Baltimore Ravens

‘I thought I’d seen it all’: Ravens head physician details coronavirus protocols as team nears padded practice

As the Ravens’ head team physician since the franchise’s inception in 1996 — and dating to its time in Cleveland — Dr. Andrew Tucker has witnessed many injuries and illnesses.

He’s studied harrowing information regarding concussions in the last decade, witnessed miraculous comebacks from injuries by Terrell Suggs and Ray Lewis and even helped treat Troy Smith after the quarterback contracted a rare throat infection in 2008.


But the coronavirus pandemic, as has been the case with even the nation’s top public health experts, has perplexed Tucker.

“I thought I’d seen it all, but I hadn’t seen it all this year,” Tucker said Wednesday on a Zoom call, just days before the Ravens will hold their first padded practice of training camp.


With the Big Ten and the Pac-12 on Tuesday postponing their fall sports season, citing medical concerns, increased attention has been placed on myocarditis, a heart condition linked to COVID-19.

Tucker said the condition, characterized as an inflammation of a heart muscle, is a “concern” but was not unknown to health experts before the coronavirus outbreak. He said the possibility of a player contracting myocarditis is “low, but how low is a little bit premature to say because we just don’t have the data.”

Various cardiac tests are in place to monitor the heart and overall health of a player after a positive COVID-19 test, Tucker said, including an echocardiogram and troponin test, which measures the level of proteins in the blood that can detect heart injury. Tucker said it’s still unclear whether asymptomatic individuals are at-risk for the condition and whether heart issues could develop after an individual is tested at the conclusion of their quarantine.

The NBA, which restarted its season late July at the ESPN Wide World of Sports Complex in Orlando, announced zero positive tests Wednesday in its screening of COVID-19 for the fourth straight week. It further proved the success of bubble atmospheres in insulating athletes from the dangers of the coronavirus.

While the NFL won’t use a bubble, Tucker expressed optimism in the season running without large-scale disruptions, saying, “Everyone has their part to play.”

“We’re really only as strong as our weakest link in terms of these protocols,” Tucker said, pointing to outbreaks in Major League Baseball to show how an infection could derail a team’s season.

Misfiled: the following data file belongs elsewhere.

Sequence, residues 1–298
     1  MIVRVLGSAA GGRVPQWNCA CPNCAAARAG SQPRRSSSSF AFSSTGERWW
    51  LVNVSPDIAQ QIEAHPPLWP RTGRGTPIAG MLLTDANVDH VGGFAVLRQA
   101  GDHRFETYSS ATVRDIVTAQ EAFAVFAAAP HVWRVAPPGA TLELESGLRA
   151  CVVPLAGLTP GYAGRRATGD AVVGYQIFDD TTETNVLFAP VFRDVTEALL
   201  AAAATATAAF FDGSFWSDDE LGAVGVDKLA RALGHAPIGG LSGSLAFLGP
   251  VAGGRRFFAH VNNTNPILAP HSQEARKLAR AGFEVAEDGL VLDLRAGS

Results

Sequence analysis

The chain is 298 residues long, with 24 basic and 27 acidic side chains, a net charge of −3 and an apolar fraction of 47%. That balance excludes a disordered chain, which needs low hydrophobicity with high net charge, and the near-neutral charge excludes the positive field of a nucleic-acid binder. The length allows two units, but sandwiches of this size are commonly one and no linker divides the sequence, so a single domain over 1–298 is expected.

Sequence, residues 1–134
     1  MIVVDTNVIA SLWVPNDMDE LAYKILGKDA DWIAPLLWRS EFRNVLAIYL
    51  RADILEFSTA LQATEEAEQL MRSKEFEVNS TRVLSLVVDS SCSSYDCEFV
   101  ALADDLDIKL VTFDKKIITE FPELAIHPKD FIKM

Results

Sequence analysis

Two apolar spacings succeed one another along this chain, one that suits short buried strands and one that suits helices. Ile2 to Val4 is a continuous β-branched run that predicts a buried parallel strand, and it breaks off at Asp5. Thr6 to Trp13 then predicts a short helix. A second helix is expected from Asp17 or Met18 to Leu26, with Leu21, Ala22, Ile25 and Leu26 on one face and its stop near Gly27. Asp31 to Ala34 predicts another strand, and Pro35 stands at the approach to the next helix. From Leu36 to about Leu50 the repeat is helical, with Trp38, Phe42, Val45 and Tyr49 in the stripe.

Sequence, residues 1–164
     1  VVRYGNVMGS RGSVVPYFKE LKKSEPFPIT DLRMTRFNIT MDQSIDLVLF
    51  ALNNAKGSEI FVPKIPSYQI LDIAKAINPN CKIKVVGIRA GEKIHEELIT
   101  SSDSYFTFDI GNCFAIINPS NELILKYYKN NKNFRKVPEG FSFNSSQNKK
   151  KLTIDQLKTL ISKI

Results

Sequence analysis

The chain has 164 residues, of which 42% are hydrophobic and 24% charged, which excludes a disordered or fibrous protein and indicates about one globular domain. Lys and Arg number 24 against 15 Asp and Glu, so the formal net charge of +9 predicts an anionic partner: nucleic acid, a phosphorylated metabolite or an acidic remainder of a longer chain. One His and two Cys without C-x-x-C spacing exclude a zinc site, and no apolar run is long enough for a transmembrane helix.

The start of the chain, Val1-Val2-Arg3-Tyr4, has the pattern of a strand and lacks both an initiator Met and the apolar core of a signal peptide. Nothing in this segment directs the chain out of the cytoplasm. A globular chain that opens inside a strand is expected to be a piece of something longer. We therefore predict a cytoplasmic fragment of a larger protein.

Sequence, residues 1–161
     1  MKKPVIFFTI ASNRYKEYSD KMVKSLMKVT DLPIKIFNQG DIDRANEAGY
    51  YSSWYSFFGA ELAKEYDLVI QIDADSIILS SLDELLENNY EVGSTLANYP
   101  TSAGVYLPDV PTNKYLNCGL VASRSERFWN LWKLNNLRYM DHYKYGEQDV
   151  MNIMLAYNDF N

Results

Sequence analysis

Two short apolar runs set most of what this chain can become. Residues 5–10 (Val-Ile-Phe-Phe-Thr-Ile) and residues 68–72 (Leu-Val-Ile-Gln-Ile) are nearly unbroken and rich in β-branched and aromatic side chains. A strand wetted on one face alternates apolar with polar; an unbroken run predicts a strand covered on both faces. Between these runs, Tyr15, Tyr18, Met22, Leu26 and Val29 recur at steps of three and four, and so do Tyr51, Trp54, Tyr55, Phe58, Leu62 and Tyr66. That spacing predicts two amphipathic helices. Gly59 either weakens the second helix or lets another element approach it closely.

Tucker said it’s been “baffling” to see how contagious the coronavirus is and how it can affect two people differently. But he lauded the measures taken by the league and each team to prevent the spread of the virus and trace individuals in the case of a positive test.

He noted the remodeling of the team’s cafeteria — it’s been made “two to three times as big” — as well as the tracking devices that monitor close encounters and the limits on traveling while the team is on the road.

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But Tucker said each player’s responsibility ultimately comes down to three things: handwashing, mask-wearing and social distancing.

“It’s not sexy … but it is fundamental to how we prevent infections,” Tucker said.

The league last week made adjustments to its testing protocols to allow a quicker return for players who return a “presumptive positive” or “inconclusive” result, followed by two negative results the following day. The change came about after Detroit Lions quarterback Matthew Stafford returned a false positive test and was placed on the league’s reserve/COVID-19 list. Without the change, he would have been quarantined and away from the team for at least five days.

And that’s the most troubling aspect of the pandemic and the 2020 season: the unknown nature of the virus and how quickly protocols can change. While Tucker was speaking to reporters, the NFL Players Association announced that it reached an agreement with the NFL to continue daily testing through Sept. 5, which runs just days before the Kansas City Chiefs host the Houston Texans to open the season.

Under previously agreed-upon rules, testing was supposed to be conducted every other day if the league’s positivity rate was under 5% after two weeks of training camp.

Tucker chuckled when a reporter informed him of the latest developments mid-conference call.


“I guess we’re stuck getting a lot of swabs, which is worth it,” Tucker responded.